Day 496 of Traveling the World, Seoul, South Korea. June 22, 2019.

The sights in the most famous shopping area of Seoul, Myeongdong, are so varied and so fun! The first photo is what most of the streets looked like as we walked past them and looked up and down….they were jammed with shops and local restaurants, often 10 stories of different stores, and people walking, talking, shopping, and eating. It was so vibrant and noisy! Just wonderful.

One of the photos is of the Immaculate Conception Catholic Cathedral. We were surprised to learn that 63 percent of South Koreans are Christian, and 35 percent are Buddhists. All other religions, including Islam and Confucianism, total 2 percent all together. As we have walked around and took bus rides around the city, we saw many, many Christian churches. Speaking of walking around….we have known people who are just paranoid about directions, and afraid of getting lost, even in their own city or county. We walked through these narrow streets today for about 4 hours, with no GPS and no maps, deciding we would just wander and enjoy and figure out how to get back to our bus stop when the time came. So we did, in a country where the alphabet is not one we know or read, and we had a lot of fun just looking and walking. We both had a good sense of which direction to head when we were done for the day, and unerringly crossed streets, found familiar buildings, and got back to the exact spot where we needed to catch the bus….when we had never been on these streets before. You really can do it!

So, in the photos, there are street scenes, some street sculptures, the cathedral, and some goofy characters selling things in the shopping district. We went to a movie, and when we came out, the street outside had been transformed into a pedestrian food fair, so we decided that street food was a better choice than a restaurant. We paid $2-4 for each delight. The first is Korean Egg Bread, with an egg cooked right on top! It was very tasty, slightly sweet, slightly crunchy, but unusual…a Korean favorite, with many stands serving it. The next one is fun…over a foot high, this is a Potato Tornado, a spiral-cut potato that is skewered, deep fried, and rolled in cheese sprinkles. Next is baked cheese on a stick, followed by a wonderful chicken kebab. The last item we tried was the pot stickers, made fresh and grilled in front of us. By now, we were stuffed, so that was it for us. The food pictures after our impromptu dinner are just for fun. You can see the ad for octopus skewer, shell skewer (?), and then they are selling….Self-development. Your guess is as good as ours! After that is skewered squid, but look at their tiny faces…they look like smiling Caribbean Santa Clauses with braided beards, mon! Then there are the corn dogs with what look like measles…that is just diced potatoes in the batter. We also saw battered corn dogs with actual crinkle-cut French fries all over the outside that looked like they had been glued on! The last two photos are ice creams. The first photo is of hand-rolled, hand-packed ice cream cones meant to look like a flower. The one with the outer green “leaf” made of green matcha tea ice cream is the only one completed, but aren’t they beautiful? It seems a shame to eat it. The second is advertised as 32 cm high….13 inches of ice cream that was so pretty! So that was today’s trip into the heart of the most popular Korean area of Seoul. We loved, loved it.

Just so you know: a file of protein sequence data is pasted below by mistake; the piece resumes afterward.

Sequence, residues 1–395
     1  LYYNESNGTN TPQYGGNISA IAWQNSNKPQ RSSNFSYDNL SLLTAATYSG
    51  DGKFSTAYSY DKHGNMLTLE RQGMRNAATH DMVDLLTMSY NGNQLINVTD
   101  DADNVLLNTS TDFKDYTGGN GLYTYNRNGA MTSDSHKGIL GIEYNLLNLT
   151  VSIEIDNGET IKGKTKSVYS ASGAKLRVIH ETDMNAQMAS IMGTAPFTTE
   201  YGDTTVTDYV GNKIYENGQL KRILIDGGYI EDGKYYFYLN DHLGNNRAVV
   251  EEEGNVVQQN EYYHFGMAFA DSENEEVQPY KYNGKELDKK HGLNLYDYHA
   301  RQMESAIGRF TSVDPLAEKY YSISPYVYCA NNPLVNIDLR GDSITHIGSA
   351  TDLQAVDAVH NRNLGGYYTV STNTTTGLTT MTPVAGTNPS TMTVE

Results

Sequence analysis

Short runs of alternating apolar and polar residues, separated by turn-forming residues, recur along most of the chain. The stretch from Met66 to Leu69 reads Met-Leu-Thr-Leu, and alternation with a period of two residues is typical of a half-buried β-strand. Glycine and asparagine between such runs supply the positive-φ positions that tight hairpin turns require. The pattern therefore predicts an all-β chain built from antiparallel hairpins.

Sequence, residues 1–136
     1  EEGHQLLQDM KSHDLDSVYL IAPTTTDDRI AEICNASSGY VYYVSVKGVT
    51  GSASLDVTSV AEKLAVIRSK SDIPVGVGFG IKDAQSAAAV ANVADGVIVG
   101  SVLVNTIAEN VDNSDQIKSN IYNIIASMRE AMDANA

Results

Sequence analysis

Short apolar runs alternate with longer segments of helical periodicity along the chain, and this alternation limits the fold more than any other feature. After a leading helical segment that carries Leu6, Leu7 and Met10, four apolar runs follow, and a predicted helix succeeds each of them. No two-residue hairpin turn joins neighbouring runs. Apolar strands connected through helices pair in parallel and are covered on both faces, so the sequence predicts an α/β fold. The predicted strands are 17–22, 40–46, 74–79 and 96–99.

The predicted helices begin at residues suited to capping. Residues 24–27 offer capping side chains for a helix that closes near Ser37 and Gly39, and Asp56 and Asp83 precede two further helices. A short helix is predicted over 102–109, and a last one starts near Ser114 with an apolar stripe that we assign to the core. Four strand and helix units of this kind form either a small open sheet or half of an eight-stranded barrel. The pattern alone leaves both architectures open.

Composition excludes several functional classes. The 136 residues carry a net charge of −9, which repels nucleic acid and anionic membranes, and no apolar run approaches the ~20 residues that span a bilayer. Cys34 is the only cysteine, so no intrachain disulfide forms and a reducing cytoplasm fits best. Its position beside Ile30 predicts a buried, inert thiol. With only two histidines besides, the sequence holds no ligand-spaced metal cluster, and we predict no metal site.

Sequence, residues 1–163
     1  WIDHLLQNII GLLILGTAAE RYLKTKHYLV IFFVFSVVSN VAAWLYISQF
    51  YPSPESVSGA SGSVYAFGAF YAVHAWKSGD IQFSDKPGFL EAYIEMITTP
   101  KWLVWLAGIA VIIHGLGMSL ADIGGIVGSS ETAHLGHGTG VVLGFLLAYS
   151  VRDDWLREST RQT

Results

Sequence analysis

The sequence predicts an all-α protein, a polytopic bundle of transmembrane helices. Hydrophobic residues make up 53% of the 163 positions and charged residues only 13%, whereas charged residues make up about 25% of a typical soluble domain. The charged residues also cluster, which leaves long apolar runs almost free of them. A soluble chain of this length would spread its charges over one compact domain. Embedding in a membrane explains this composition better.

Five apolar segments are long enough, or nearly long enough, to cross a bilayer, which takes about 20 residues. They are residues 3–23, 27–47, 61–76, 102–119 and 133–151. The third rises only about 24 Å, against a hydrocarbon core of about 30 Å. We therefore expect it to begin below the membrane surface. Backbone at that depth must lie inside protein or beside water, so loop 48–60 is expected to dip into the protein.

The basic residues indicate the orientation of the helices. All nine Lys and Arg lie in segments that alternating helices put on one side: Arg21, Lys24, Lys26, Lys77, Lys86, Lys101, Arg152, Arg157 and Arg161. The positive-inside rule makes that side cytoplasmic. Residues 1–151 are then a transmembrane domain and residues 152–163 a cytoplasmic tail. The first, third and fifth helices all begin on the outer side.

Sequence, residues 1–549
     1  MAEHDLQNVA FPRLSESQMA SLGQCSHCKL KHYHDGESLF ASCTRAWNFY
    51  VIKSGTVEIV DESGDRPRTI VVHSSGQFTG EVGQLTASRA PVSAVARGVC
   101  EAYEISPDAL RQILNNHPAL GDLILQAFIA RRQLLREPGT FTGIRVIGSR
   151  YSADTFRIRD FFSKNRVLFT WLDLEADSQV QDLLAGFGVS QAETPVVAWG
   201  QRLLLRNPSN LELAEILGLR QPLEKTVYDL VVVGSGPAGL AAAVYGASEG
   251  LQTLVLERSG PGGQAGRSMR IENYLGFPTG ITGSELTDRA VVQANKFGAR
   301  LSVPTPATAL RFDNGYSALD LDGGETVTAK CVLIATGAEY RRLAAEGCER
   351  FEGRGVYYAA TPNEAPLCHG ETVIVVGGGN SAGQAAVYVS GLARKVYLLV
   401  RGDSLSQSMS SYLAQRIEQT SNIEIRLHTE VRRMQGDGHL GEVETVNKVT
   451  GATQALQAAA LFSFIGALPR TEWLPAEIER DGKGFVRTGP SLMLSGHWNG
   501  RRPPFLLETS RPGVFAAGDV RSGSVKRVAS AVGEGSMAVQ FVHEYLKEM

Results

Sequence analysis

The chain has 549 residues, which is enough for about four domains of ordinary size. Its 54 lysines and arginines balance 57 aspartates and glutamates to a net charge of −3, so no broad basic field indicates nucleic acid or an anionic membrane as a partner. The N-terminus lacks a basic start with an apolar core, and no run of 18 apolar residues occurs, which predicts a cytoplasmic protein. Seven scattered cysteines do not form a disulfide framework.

Day 495 of Traveling the World, Seoul, South Korea. June 21, 2019.

What would a trip to South Korea be without a tour of the infamous Demilitarized Zone (DMZ)? Oh, the barbed wire! Oh, the soldiers! Oh, the security! Oh, the bleakness! If not for South Korean soldiers swinging on children’s swings, the day would have been oh, so serious!

The border between South and North Korea is one of the most militarized frontiers in the world, even though it is named “demilitarized.” Running roughly along the famous 38th Parallel, the DMZ is still loaded with land mines…2 million were installed, and only half that number have been removed. Largely due to the land mines, North Koreans today who defect usually try to get to South Korea via their northern border, through China. Interestingly, it was South Korea who built much of the wire fencing due to aggression from the North. Each side is heavily guarded to thwart any attacks.

We actually thought our tour of the DMZ would be to the strip of land often seen, with soldiers from both sides facing each other, and barracks where conferences are held. But that is called the Joint Security Area, and not included in most tours. In fact, we were told South Koreans are not allowed there, so we do wonder who runs those tours! We read an observation that it is so ironic that South Korea’s main tourist attraction is North Korea. Anyway, we got as close to the DMZ as is possible, and saw into North Korea (not surprisingly, their trees, rivers, and mountains looked just like South Korea!). We went to an observatory, saw the Freedom Bridge, and went into the Third Incursion Tunnel, found in 1978. In total, four tunnels were discovered between 1974 and 1990, with the North Koreans claiming they were for coal mining, but they had obviously been dug for military invasion.

In the first three photos, you can see some of the many miles of barbed wire we saw, but it is just a fraction of the entire 160-mile length of the border, which is all divided by single or double rows of sharp razor wire and barbed wire. In the third photo, taken from the highway, you can see one of the regular guard towers that appear every few hundred yards. Behind it is the Han River, which is only about 1/3 of a mile wide here, with North Korea on the opposite shore. The river is so shallow that some people tried to walk across to defect, but this whole area is dotted with land mines.